But the nerve supply and the nervous system must be left intact. This is to make sure blood is drawn out from the animal to induce brain death. For large animals like cows and buffalos, it takes roughly 45 seconds. Sheeps and goats will reach brain death in under 10 seconds.

 

The villagers start to mutilate the cow. I had done this various time in Egypt. It was not as easy as it looks.

 

The story of Aidiladha goes way back during the time of the prophet Ibrahim whom was born in Babylonia (modern day Iraq), who overcame all trials that was bestowed to him by God. Ibrahim was the father of 2 other prophets, Ismail and Ishak, but the story of Ibrahim and his first son Ismail is what transpire Muslims to celebrate Aidiladha every year.

It was told that Ibrahim and his wife Siti Hajar conceived Ismail at a very old age, some sources states that Ibrahim was 86 years old when Ismail was born.


God commanded Ibrahim to sacrifice his son as proof of his loyalty to Him, imagine the feeling of the by then 99 years old Ibrahim in hearing this command. It was close to a century that he was able to conceive an offspring of his own and now God asked him to kill his own son. Ismail was 13 years old when this happened.

This test of faith from God to Ibrahim is a perfect example of Aqidah, one of the many fields of Islam. A popular belief is that aqidah means faith - this is just not true.

Another field of Islam called iman means faith. Aqidah rather, means our principle of faith, or creed or in other words conviction. Confused? I used to as well.

 

An example of akidah in our everyday lives is in regard to the handling and consumption of pigs. A muslim is forbidden to eat pigs and other species in the swine family. As more advances are made in the medical and science field, some conclude that the presence of an organism called taeania solium is the secret cause of what makes Islam forbids eating pigs.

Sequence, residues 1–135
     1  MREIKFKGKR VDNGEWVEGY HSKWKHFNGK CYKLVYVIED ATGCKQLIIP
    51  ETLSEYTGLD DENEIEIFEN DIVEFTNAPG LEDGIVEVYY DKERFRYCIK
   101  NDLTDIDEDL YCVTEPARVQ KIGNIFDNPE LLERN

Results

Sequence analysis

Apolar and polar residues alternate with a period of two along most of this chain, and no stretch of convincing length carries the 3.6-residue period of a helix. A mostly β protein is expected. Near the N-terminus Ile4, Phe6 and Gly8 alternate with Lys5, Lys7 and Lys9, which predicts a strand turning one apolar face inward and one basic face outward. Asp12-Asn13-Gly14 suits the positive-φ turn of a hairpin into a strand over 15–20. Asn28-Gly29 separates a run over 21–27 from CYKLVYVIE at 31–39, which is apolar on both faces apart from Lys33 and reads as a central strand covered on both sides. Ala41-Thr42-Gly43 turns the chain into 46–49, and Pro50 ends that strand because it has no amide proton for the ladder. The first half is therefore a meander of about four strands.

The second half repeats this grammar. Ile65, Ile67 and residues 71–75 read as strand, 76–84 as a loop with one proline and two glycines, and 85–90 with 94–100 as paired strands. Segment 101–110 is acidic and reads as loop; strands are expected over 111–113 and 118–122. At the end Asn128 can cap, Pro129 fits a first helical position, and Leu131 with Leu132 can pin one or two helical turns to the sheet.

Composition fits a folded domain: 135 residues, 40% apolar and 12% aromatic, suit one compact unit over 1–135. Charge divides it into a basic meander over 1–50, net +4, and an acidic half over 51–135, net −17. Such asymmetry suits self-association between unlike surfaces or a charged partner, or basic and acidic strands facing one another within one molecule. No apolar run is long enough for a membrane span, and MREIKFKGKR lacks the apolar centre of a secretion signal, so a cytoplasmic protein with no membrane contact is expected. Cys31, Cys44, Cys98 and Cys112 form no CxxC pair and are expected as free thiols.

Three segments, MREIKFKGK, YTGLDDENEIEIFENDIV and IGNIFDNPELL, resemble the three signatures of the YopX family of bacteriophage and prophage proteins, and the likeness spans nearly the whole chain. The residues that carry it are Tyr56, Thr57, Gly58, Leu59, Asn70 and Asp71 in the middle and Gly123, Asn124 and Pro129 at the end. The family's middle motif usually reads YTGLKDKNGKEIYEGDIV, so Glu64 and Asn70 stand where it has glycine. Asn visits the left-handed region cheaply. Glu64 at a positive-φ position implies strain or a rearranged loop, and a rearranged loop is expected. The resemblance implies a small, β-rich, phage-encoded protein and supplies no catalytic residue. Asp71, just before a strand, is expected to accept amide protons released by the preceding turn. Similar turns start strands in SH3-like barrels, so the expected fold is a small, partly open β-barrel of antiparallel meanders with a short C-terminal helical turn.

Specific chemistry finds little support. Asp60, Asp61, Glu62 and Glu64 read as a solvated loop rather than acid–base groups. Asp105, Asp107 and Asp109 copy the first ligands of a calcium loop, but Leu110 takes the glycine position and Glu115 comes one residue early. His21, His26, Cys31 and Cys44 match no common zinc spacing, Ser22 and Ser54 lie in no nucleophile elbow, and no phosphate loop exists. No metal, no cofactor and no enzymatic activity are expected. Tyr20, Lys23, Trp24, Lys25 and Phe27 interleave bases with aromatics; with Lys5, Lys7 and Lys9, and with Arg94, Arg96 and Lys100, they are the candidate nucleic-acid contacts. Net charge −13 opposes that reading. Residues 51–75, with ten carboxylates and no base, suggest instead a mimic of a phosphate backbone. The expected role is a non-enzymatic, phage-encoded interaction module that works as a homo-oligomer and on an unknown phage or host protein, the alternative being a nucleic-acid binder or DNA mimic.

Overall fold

Basically taenia solium is worm found inside pigs that can be transmitted to human consuming it, mostly one undercooked. Presence of this worm in this body can lead to a condition called cysticercosis which can cause skin, eye, muscle, nerve and brain damage.


However as dangerous as cysticercosis is, this is not the reason that we are forbidden from eating it. We are forbidden to eat pigs because God says so, full stop. We cannot eat one even if taenia solium is eradicated. This is what akidah, or creed means - basically trusting God's command without asking why or how. And that is why Ibrahim succeeded in his trial, he believed in God's will. 

 

Another example of akidah is the story of Musa and Khidir in surah Al-Kahf.


You can see how tiring this activity was to the villagers, most were inexperienced in slaughtering and mutilating animals. The didn't bring any food here, just some fruit juices to quench their thirst. Thankfully the tall tress prevented the harsh sunlight from seeping through.


They transferred the meat into a jeep droved by Haji Lah's son-in-law.


Even the kids, who were watching all this while helped as well. I'm sure they are more than happy to be of help, in what way or form to the adults.

 

 

Not long after the villagers packed their things and went back home to take a shower and eat. The meat will be cut into small pieces and be distributed according to the wishes of the respective owners.

One villager will use the meat to cook food for his son's wedding feast in a few days.

Scroll on the picture on the left for pictures during and after the slaughtering process.

Even though I didn't do anything of importance this day was tiring for me as well. Ayah Di called and told me that food is ready, Cik Na and her family had just arrived from Kota Bharu bringing with them 2 kilos worth of homemade rendang daging. Me and Asyraf hopped on the bike and went straight home - the wind and the breeze and the view somehow makes the travel home feels like an instant.

Thanks for reading.